Predictive Analytics Are Based on Measured Data

Predictive Analytics Are Based on Measured Data

About 20 percent of business analytics are predictive; they try and forecast what may happen in the future (see above). How is this possible? Data scientists are not clairvoyant; they are just highly adept at building models from historical data to generate data about the future. As Wu explains, “It’s using data you have to predict data that you don’t have.”4

Marketers have been using a form of predictive analytics for years when we create time-series analysis to discern patterns in data and build trend lines based upon those findings. Today’s predictive models take more underlying data sources into account and are updated rapidly, improving their validity and impact.5 For example, using predictive analytics we can discern what products a consumer may purchase next or where a prospect is in the purchase process, when might they convert, and why. Predictive analytics can help us identify customers who are likely to defect and, of those, whom we might be able to persuade otherwise.

Prescriptive analytics takes future planning one step further, to identify an optimized course of action. It does so by generating multiple futures based upon different choices of action and evaluates the outcome. As Wu describes, “A prescriptive model can be viewed as a combination of multiple predictive models running in parallel, one for each possible input action. As such prescriptive models use existing models as well as action and feedback to guide the decision maker.”6

Where Does Big Data End and Small Data Begin?

A clear delineation between big data and small data does not exist. The difference is primarily a function of the amount of data under analysis, its form, and at times, its speed. As a rule of thumb, Thomas Davenport, professor of Management and Information Technology at Babson College and author of numerous books on the subject, describes small data as a terabyte (1012 bytes) of structured data or less. In contrast, big data is larger and more complex. As Davenport explained in Harvard Business Review, “If your organization stores multiple petabytes [1015 bytes] of data, if the information most critical to your business resides in forms other than rows and columns of numbers, or if answering your biggest question would involve a ‘mashup’ of several analytical reports, you’ve got a big data opportunity.”7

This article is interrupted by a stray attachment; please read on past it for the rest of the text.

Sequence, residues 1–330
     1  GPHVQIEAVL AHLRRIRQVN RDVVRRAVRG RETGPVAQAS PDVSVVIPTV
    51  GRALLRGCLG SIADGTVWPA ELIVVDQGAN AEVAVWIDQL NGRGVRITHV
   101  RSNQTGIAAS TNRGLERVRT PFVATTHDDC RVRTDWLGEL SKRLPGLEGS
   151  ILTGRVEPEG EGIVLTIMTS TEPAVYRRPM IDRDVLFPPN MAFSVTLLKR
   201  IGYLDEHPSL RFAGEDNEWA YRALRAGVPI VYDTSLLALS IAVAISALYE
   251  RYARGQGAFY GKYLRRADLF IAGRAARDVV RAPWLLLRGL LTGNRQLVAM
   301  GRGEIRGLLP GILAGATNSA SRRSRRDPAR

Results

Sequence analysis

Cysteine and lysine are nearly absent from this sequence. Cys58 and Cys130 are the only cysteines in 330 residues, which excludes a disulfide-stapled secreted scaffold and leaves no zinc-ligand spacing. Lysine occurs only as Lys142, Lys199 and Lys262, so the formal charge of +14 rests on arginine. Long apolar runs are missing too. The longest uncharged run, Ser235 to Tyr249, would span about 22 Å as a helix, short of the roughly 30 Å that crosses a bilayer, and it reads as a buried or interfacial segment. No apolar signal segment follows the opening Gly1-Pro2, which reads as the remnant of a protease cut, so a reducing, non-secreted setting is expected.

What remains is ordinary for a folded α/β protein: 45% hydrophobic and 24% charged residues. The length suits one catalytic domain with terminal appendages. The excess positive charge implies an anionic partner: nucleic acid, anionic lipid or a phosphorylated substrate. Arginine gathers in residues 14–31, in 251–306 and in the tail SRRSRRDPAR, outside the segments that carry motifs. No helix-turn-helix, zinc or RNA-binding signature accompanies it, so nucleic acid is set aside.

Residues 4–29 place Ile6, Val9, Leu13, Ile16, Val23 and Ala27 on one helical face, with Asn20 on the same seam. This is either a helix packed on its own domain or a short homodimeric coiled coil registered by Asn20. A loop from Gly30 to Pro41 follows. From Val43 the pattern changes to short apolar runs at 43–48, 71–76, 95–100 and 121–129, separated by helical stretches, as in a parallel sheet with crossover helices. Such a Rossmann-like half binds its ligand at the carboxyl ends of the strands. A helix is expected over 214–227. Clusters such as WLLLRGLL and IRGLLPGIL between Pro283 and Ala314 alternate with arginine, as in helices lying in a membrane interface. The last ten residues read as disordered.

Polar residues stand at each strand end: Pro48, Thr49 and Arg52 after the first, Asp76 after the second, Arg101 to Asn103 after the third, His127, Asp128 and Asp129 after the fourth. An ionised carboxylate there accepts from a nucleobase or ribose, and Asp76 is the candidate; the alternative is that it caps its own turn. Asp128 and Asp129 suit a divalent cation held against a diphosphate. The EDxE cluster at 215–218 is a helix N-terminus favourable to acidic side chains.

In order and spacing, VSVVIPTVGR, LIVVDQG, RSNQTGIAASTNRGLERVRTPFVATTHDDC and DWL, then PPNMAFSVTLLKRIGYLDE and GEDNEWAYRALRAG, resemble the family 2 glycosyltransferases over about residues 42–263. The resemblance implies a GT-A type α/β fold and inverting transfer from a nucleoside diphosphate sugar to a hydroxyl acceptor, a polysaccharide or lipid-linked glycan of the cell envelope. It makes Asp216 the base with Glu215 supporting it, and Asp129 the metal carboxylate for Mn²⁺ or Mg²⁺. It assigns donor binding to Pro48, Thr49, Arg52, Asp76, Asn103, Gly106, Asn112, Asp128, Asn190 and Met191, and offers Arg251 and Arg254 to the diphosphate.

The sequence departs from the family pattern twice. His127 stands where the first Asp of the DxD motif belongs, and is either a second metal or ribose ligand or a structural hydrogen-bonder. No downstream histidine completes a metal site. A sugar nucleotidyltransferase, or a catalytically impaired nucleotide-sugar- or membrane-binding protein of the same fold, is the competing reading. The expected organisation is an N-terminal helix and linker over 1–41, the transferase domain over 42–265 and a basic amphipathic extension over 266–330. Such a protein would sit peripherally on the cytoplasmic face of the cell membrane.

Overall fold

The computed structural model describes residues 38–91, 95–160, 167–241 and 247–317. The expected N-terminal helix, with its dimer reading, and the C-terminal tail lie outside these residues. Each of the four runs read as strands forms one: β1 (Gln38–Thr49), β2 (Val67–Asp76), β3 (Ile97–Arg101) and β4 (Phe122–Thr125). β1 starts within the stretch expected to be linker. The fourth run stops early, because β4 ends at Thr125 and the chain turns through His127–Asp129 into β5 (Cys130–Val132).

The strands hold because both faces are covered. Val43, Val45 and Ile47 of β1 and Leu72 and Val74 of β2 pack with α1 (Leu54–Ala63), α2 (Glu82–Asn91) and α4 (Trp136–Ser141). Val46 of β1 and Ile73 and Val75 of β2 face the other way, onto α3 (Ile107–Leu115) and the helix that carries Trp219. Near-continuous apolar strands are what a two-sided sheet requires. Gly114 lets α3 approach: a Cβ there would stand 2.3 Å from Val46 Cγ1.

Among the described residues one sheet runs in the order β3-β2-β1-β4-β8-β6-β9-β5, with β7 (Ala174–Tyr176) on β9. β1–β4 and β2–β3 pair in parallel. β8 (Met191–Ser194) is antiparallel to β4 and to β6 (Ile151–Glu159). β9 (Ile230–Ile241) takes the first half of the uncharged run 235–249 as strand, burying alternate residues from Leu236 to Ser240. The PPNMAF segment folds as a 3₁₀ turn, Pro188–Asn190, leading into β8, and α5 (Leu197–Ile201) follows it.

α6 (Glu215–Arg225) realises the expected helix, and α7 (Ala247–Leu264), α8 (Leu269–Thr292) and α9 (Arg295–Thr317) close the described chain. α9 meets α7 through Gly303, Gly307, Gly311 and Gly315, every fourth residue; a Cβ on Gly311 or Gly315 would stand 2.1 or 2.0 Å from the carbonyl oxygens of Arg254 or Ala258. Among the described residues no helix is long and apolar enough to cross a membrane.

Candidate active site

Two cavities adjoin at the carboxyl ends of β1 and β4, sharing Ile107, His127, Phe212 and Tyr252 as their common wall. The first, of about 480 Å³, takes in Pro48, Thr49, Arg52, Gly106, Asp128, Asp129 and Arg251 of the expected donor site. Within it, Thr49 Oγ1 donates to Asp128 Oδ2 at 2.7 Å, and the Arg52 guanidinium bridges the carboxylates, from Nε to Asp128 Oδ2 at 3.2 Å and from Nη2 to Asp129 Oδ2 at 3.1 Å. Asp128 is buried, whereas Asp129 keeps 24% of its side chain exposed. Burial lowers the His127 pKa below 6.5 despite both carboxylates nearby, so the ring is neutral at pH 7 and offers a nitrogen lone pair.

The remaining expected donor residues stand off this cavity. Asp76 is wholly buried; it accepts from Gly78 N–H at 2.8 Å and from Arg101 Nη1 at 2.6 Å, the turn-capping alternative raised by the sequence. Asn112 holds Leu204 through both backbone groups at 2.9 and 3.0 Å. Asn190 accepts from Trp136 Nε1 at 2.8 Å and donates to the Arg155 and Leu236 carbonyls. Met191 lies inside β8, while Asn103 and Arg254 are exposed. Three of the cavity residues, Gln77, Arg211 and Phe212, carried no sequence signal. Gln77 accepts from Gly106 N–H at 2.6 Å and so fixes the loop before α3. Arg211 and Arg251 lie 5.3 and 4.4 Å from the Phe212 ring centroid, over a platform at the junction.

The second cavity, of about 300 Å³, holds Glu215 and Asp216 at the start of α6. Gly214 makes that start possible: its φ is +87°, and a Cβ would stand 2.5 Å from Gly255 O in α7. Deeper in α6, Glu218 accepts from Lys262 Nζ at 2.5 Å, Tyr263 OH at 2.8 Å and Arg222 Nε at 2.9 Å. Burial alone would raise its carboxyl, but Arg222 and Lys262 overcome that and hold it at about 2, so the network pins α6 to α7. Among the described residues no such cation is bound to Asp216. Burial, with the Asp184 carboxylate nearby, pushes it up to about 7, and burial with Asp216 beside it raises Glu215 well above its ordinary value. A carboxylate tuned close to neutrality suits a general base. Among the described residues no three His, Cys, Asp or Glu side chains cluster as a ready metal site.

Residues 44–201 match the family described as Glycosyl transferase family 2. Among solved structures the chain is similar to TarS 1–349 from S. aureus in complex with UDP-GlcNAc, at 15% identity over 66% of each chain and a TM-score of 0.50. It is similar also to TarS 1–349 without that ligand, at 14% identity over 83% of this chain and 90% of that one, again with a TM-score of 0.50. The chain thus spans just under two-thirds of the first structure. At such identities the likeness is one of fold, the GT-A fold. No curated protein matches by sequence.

Say Good-bye to Traditional Marketing Research?

Will big data render traditional market research obsolete? After all, some of the data that has traditionally been collected through traditional marketing techniques can now be readily captured through big data. Rather than making survey research irrelevant, Bill Pink, senior partner, creative analytics at the global research agency Millward Brown, believes that big data will have the opposite impact.

“What matters is our ability to answer questions,” Pink explains. In his experience, big-data assets generate more questions than answers, and those questions need to be answered via traditional research forms. “Big data is the passive monitor and surveys become the focused, ongoing probes into changes and events that require exploration.”8

Consider customer-journey and touchpoint analysis, for example. Although big data illuminates the paths customers take and the devices they utilize, more traditional forms of research are still necessary to uncover the whys. Similarly, a considerable amount of noise exists in customer sentiment that is captured via social media. In Pink’s experience, “when market researchers apply their experience around understanding consumers and proven constructs of brand success such as levels of differentiation, dynamism, and salience to big-data assets, the results have clear meaning and often align with offline measures of equity and behaviors.”9